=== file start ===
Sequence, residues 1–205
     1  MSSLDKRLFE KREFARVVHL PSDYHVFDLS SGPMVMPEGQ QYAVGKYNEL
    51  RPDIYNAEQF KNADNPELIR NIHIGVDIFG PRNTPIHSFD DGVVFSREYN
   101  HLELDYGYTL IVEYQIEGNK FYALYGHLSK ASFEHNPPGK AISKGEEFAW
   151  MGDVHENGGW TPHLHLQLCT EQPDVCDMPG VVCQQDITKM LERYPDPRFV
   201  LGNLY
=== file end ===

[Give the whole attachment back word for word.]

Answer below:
Sequence, residues 1–205
     1  MSSLDKRLFE KREFARVVHL PSDYHVFDLS SGPMVMPEGQ QYAVGKYNEL
    51  RPDIYNAEQF KNADNPELIR NIHIGVDIFG PRNTPIHSFD DGVVFSREYN
   101  HLELDYGYTL IVEYQIEGNK FYALYGHLSK ASFEHNPPGK AISKGEEFAW
   151  MGDVHENGGW TPHLHLQLCT EQPDVCDMPG VVCQQDITKM LERYPDPRFV
   201  LGNLY